S. Korea space rocket launch delayed due to strong winds, technical problem

Seoul, June 15 (IANS) South Korea’s homegrown space rocket Nuri’s launch has been delayed due to strong winds and later a technical problem with the launch pad, according to the Korea Aerospace Research Institute (KARI).

Nuri, also known as KSLV-II, was transported from the assembly building to the launch pad at the state-run space centre operated by KARI in Goheung, a southern coastal village some 470 kilometres south of Seoul, ahead of the scheduled launch, Yonhap news agency reported.

It was originally set to launch on Wednesday but was delayed by a day due to strong winds.

KARI officials later paused launch preparations after discovering an unexpected problem with the launch pad.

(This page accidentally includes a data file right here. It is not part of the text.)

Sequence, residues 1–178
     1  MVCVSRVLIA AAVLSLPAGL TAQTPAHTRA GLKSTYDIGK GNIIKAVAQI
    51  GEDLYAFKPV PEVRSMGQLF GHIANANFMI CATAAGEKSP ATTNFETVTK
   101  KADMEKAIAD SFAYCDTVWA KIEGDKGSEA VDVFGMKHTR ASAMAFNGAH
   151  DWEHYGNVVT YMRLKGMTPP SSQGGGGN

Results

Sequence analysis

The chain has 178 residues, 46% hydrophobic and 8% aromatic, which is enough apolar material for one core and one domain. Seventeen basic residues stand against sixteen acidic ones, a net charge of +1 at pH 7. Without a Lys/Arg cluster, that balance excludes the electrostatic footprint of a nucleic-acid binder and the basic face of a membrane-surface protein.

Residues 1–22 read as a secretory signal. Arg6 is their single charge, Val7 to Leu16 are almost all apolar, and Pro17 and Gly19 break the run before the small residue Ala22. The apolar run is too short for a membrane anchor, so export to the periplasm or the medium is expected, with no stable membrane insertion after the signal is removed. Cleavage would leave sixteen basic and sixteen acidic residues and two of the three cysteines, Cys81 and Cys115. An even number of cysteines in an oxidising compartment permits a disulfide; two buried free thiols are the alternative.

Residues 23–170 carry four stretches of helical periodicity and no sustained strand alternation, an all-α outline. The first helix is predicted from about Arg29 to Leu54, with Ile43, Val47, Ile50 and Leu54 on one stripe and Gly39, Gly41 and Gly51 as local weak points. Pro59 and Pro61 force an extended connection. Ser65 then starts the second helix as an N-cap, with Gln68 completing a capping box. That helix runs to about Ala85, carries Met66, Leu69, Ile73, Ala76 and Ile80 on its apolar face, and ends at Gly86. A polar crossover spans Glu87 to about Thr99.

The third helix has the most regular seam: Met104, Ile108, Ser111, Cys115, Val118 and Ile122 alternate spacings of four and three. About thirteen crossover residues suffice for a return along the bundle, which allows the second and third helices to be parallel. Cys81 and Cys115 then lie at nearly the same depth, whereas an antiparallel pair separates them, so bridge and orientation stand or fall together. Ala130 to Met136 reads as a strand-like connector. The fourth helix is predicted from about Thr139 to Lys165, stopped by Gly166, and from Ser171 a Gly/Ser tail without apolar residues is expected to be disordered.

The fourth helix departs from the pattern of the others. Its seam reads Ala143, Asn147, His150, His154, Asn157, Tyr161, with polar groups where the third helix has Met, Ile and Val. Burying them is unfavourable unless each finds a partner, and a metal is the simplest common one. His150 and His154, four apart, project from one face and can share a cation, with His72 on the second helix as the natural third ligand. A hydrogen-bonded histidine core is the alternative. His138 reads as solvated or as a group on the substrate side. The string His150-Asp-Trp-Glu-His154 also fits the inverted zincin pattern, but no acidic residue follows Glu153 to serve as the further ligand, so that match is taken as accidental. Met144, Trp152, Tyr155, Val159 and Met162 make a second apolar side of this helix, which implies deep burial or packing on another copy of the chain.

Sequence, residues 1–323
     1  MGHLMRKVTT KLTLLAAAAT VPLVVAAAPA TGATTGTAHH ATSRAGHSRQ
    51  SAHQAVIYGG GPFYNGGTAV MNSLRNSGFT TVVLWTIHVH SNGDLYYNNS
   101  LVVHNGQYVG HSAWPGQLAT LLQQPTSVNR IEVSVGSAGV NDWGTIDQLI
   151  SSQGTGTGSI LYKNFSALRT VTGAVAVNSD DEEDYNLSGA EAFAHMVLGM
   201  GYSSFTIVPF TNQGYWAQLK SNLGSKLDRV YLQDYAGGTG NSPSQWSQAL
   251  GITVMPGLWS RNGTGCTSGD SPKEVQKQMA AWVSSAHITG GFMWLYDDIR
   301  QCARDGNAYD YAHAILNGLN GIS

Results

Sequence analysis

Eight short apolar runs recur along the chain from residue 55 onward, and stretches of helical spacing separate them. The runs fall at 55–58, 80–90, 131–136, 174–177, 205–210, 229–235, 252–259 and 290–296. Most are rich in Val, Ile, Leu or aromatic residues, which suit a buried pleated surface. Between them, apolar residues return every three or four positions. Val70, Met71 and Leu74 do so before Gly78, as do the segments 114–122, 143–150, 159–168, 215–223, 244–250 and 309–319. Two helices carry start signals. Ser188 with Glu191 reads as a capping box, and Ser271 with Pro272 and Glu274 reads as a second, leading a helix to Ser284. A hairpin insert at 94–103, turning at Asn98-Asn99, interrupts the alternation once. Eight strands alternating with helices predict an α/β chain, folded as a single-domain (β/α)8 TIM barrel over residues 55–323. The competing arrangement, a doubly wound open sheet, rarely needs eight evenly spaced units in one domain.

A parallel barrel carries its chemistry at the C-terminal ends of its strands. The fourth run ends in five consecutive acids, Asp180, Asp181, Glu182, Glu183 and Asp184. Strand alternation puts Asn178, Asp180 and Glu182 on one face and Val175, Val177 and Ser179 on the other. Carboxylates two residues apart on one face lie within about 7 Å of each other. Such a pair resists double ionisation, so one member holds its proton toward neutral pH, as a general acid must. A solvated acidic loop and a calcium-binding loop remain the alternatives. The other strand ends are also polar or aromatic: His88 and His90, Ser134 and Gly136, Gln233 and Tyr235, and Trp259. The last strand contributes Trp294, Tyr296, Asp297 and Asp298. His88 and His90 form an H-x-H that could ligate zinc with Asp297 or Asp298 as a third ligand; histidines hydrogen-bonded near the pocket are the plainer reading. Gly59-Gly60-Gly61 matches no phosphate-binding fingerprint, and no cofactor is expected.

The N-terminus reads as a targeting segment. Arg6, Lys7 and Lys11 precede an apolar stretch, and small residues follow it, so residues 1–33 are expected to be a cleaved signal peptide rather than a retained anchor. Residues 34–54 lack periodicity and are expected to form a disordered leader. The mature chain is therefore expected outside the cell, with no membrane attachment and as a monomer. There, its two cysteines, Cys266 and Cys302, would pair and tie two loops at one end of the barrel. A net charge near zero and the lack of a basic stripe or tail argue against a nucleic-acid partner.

The launch schedule could potentially be delayed again if the problem is not fixed within the day.

In its first attempt in October, Nuri successfully flew to a target altitude of 700 kilometres but failed to put a dummy satellite into orbit, as its third-stage engine burned out earlier than expected.

Nuri this time will be loaded with a 162.5-kilogram performance verification satellite to test the rocket’s capabilities and four cube satellites developed by four universities for academic research purposes, along with a 1.3-tonne dummy satellite, the report said.

South Korea has invested nearly $1.8 billion in building Nuri since 2010. The project was carried out with domestically made technology on its own soil, including design, production, testing and launch operation.

The country plans to conduct four additional Nuri rocket launches by 2027 as part of efforts to further advance the country’s space rocket programme.